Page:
Mother Teresa was born Agnes Gonxha Bojaxhiu, the youngest of three children of an Albanian builder, on August 26, 1910 in Skopje, Macedonia. She felt that August 27, 1910, the day of her baptism, was her true birthday. At the age of 18 she joined the Order of the Sisters of Our Lady of Loreto in Ireland. She trained in Dublin, where the motherhouse of the Loreto Sisters was located. She chose the name of Sister Teresa, in memory of Saint Thérèse of Lisieux.
In December 1928 she began her journey to India and continued to Darjeeling, at the base of the Himalayan Mountains, where she would continue her training towards her religious vows. Soon after, on January 6, 1929 she arrived in Calcutta, the capital of Bengal, India to teach at a school for girls. While in Calcutta, she was moved by the presence of the sick and dying on the city’s streets.
On September 10, 1946, on the long train ride to Darjeeling where she was to go on a retreat and to recover from suspected tuberculosis, something happened. Mother Teresa recalls:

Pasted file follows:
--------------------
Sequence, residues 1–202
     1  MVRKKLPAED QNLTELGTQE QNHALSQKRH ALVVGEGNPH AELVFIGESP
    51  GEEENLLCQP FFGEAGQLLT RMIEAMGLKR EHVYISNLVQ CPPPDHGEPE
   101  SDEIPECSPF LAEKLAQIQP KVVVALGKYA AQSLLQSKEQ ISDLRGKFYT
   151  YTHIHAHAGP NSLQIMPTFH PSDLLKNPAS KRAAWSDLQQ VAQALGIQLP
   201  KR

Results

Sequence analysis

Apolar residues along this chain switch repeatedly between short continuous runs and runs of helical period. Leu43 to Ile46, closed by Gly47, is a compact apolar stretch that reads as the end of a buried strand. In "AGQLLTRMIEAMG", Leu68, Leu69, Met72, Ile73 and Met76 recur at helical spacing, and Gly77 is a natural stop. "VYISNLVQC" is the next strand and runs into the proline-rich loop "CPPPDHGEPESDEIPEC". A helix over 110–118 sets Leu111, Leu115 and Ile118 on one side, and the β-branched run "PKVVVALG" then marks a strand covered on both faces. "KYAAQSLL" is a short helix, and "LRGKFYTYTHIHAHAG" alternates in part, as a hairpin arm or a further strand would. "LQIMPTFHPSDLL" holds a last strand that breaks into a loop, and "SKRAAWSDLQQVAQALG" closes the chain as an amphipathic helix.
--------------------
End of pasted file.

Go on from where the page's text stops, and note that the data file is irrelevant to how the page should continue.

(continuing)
“I realized that I had the call to take care of the sick and the dying, the hungry, the naked, the homeless – to be God’s Love in action to the poorest of the poor. That was the beginning of the Missionaries of Charity.”
She didn’t hesitate, she didn’t question. She asked permission to leave the Loreto congregation and to establish a new order of sisters. She received that permission from Pope Pius XII. In 1952 Mother Teresa and her Missionaries of Charity began the work for which they have been noted ever since. Her order received permission from Calcutta officials to use a portion of the abandoned temple of Kali, the Hindu goddess of transition and destroyer of demons. Mother Teresa founded here the Kalighat Home for the Dying, which she named Nirmal Hriday (meaning “Pure Heart”). She and her fellow nuns gathered dying people off the streets of Calcutta and brought them to this home to care for them during the days before they died.
Mother Teresa’s first orphanage was started in 1953, while in 1957 she and her Missionaries of Charity began working with lepers. In the years following, her homes (she called them “tabernacles”) have been established in hundreds of locations in the world.
Following a prolonged illness, Mother Teresa passed away on September 5, 1997.